But this, this is not about a place.

It is about each time my breasts are pinched on a train, or my ass is groped, be it during the Chicago Cubs rally or in a tightly packed Mumbai local to Churchgate… OR at house parties or in college, with the guy who brought me to some party, or an ex-boyfriend who didn’t understand what it means to threaten violence.

It is about each time I have to share the same articles with my male friends, and help them understand, what they don’t understand…,
what it is like to walk down the streets with breasts and a backside.

It is about each time my professors, teachers, mentors, all male, have breached my personal space, hugging me too tight, asking for a kiss after a meal, telling me to “not tell.”

It is about the fact that I can count on my fingers my male friends, who openly identify as feminist. Five, five to be exact.

It is about the fact that I cannot count on my toes and fingers, your toes and fingers, and her toes and fingers, the number of times I have experienced assault and had my female and male friends experience assault through sexual objectification and harassment.

This is not about waking up each time a rape, molestation, sexual assault is reported, and asking, “Now, what should we do?” and going back to our lives earning wages, making art, until the next time, when femininity is attacked, again.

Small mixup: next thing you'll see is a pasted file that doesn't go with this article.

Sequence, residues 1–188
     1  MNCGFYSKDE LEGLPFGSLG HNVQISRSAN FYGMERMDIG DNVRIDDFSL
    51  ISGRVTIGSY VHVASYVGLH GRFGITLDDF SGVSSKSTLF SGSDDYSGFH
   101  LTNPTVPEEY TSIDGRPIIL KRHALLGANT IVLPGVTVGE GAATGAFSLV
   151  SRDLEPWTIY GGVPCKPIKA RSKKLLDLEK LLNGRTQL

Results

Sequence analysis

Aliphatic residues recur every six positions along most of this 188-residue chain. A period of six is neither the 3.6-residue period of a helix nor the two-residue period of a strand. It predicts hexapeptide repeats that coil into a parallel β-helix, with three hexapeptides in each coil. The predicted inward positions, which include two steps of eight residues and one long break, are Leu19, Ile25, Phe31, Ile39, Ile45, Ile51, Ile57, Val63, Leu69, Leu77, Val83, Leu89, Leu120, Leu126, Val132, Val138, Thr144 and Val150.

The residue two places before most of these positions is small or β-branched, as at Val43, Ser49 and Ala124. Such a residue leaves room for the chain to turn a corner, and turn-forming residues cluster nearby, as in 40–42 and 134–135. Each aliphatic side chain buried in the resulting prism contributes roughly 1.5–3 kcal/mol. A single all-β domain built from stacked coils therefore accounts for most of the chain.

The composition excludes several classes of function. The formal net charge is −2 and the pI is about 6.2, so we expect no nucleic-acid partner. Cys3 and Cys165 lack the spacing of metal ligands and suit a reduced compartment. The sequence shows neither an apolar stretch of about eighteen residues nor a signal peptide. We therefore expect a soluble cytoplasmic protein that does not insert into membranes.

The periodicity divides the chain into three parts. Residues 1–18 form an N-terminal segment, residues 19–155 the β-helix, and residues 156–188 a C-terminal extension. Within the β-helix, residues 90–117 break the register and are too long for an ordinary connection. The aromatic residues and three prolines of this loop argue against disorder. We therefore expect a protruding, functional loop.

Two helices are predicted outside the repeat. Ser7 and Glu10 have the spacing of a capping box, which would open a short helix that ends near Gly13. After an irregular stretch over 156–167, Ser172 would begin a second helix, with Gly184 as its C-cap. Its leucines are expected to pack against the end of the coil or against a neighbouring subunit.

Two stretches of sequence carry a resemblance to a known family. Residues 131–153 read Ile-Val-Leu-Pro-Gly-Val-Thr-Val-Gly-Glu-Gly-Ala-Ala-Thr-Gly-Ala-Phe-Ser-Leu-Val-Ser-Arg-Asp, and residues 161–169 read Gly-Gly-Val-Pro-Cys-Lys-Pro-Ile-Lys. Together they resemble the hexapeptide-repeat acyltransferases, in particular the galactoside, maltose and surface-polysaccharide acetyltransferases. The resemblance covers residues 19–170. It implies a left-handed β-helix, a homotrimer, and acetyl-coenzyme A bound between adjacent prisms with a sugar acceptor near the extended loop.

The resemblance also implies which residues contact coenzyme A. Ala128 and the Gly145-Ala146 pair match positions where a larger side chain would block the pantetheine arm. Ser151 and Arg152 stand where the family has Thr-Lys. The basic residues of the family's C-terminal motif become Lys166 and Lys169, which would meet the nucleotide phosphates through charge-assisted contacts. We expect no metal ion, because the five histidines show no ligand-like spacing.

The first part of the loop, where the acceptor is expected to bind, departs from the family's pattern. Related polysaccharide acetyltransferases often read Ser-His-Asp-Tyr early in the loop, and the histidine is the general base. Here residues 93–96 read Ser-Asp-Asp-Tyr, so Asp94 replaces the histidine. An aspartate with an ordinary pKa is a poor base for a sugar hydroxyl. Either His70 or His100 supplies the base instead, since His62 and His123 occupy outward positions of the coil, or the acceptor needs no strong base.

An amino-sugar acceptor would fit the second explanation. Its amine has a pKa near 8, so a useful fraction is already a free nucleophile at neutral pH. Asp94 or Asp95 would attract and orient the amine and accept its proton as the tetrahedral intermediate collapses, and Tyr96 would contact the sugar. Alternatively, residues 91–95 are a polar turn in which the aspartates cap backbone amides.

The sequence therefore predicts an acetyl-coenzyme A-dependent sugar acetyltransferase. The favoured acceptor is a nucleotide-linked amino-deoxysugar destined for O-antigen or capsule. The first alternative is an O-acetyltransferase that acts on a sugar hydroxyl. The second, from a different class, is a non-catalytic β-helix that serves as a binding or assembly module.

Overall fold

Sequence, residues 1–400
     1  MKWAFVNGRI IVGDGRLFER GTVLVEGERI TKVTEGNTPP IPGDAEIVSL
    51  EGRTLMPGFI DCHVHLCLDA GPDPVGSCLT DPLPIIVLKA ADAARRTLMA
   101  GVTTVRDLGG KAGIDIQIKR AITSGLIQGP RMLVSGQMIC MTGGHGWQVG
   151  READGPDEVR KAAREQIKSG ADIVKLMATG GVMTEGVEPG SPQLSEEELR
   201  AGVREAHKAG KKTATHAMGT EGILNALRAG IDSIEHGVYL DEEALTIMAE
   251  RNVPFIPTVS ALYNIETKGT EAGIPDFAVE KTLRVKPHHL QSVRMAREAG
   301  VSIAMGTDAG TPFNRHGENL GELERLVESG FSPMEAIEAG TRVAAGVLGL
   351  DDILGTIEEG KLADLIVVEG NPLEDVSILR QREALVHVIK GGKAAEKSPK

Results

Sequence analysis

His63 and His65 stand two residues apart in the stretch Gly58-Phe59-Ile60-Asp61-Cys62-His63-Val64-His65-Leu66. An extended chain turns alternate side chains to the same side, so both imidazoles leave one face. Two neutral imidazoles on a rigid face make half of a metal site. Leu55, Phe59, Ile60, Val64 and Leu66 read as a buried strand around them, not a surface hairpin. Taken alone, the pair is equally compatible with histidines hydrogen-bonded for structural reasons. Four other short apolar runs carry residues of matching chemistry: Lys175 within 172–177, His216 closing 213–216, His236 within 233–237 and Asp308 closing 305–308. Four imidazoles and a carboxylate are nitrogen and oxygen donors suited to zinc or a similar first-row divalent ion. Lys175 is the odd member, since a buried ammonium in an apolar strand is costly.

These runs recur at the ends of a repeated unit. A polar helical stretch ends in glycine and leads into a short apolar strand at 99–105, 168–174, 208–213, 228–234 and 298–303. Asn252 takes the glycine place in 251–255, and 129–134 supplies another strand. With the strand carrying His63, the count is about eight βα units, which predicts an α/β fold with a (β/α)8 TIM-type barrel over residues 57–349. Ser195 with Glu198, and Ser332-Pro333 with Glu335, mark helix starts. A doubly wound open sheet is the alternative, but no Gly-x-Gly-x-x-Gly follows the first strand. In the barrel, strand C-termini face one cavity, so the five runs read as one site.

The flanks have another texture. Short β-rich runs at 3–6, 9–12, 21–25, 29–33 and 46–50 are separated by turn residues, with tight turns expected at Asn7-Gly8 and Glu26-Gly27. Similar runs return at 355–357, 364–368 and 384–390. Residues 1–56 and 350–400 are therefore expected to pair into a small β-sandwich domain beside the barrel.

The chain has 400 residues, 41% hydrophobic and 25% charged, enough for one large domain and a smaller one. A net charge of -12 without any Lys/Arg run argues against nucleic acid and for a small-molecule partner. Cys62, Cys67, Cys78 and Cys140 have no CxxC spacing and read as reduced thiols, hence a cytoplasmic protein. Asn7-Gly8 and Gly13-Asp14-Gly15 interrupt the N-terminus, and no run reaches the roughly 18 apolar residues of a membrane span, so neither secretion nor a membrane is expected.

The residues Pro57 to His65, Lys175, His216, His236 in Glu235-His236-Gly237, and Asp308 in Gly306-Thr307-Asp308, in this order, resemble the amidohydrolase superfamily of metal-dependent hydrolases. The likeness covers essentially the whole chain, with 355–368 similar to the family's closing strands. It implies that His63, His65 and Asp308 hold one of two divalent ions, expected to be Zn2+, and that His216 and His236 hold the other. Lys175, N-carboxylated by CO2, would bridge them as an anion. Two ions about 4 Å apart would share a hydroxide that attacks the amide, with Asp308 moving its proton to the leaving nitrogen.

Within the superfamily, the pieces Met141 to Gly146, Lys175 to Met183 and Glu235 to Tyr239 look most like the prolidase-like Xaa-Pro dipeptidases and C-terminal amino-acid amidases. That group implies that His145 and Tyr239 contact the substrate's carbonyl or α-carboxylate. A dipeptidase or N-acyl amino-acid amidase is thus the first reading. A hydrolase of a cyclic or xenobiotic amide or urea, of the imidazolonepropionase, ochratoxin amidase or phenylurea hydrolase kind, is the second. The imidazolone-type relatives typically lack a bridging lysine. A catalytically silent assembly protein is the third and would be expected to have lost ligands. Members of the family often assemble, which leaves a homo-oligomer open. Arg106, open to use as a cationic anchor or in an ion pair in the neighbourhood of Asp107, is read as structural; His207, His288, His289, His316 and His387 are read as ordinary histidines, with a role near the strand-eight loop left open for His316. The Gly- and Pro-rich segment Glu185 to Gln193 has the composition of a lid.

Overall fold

This is not about statistics. Which city is safer. Which city is not the “rape capital”. There is no such thing. Every city, every street, every house is “rape capital”. Why? Because the DAMAGING effects of patriarchy are pervasive. So invisible, so internalized, our fathers get triggered if we bring it up and our male friends call us too sensitive, asking us to forget, to protect, to dress better and not tempt. (Message me if you want to read about this)

I know nothing else but to dedicate my life, my therapy, my work, my relationships, my friendships, my parenting to lessening the damages of the patriarchy. If my posts trigger you, great. If my work triggers you, great. If my life triggers you, great.

I refuse to be exhausted. I refuse to die a death where my voice is unheard and I shall agitate, educate, organize, share, speak, build, argue till my last breath, till women can walk from their house till the grocery store without fear.

Image: The Fearless Collective

http://fearlesscollective.tumblr.com/

On Facebook: https://www.facebook.com/thefearlesscollective

And please note, dear readers- there is a reason I’m not saying I’ll keep working till EVERYONE can walk safe. I would love that. That would be ideal and that’s what the world must look like. But that’s not the point here. The specific trouble being addressed here is female objectification and assault by male privilege, which is one of the damaging effects of patriarchy.